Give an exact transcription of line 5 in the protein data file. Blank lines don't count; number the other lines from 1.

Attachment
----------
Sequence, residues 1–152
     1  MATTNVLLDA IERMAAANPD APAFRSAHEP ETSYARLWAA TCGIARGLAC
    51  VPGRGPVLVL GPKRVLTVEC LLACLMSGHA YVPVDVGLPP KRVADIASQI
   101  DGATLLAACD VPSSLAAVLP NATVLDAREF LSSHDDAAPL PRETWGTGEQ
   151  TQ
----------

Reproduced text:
   151  TQ